Why do they do this? 
Some speculations

Why is this relationship between organizational redesign initiatives and new building projects so consistent? We might speculate on a few reasons from these three stories. 

These are systemic flips, moves from one state to another. Natural forms (caterpillar/butterfly) may be an appropriate conceptual model illuminating that change in function means a change in form. 

Everything about work is changing. The digital transformation in industry is evoking entirely new business models. Those new or hybrid models require new kinds of talent in the organization and the new ways of working that they bring. Things move faster, so the more formal and hierarchical forms of organization and operation present too many barriers. New workmodes and the rapid generation of new businesses demand new environments. 

Most business messaging seems to be regarded skeptically. The CEO's declaration of an intention to change won't be considered authentic without clear visual evidence of the move. Neither Immelt's declaration that GE should become a digital business, nor Dyson's move out of air, nor Ford's move to mobility could hardly be received as serious if there were no other visible evidence of the company's commitment to change. 

Each culture, it seems, has its own footprint. Family and village and city and tribe are descriptors both of the way that people come together but also specific forms that support their activities. Business models are cultural descriptors as well, and the culture of the organization is authentic when the form of the company and the form of the space are aligned.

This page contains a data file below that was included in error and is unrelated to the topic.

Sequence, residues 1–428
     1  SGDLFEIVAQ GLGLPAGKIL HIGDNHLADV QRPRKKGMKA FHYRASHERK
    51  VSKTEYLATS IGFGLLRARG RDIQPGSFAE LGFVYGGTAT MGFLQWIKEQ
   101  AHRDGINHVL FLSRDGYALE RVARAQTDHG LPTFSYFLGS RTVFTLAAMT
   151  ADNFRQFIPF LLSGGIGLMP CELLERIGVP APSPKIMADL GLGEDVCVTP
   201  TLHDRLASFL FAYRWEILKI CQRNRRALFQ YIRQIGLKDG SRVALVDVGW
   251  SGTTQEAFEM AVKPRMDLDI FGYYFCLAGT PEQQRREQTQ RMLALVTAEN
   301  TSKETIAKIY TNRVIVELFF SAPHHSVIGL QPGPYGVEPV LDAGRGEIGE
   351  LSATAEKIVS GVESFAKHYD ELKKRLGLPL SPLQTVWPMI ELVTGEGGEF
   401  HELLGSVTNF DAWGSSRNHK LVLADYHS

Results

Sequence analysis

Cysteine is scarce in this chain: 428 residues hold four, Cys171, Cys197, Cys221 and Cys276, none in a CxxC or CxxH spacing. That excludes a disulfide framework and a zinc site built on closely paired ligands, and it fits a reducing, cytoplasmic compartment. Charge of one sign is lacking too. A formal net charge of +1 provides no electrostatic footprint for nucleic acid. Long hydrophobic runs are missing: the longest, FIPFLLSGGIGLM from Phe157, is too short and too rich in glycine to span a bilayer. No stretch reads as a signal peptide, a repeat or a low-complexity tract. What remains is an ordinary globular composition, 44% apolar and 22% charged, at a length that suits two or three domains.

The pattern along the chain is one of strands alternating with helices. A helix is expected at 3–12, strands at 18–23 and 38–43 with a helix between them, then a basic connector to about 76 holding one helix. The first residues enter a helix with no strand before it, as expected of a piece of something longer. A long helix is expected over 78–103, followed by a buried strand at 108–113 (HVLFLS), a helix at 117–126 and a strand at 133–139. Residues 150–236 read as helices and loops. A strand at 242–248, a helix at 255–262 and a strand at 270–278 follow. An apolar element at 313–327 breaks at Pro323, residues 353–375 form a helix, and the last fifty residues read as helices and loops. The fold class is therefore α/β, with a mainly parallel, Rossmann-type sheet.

The discipline of disciplines

the discipline of disciplines The Glass House is one of modern American architecture's great icons. Originally built in 1949, it served as architect Philip Johnson's own residence or weekend retreat until his death in 2005. Now a property of the National Trust for Historic Preservation, it is the site and symbol of a continuing conversation about architecture, design and society.

Glass House Conversations is the online version of the spirit of the foundation continuing the dialogue there. In their definition of purpose, they say that "each Monday, a host posts a provocation. People have only five days to respond. The boundaries of the conversation are set to just one week, ending on Friday evenings. After comments have closed a “Final Word” is chosen from the replies."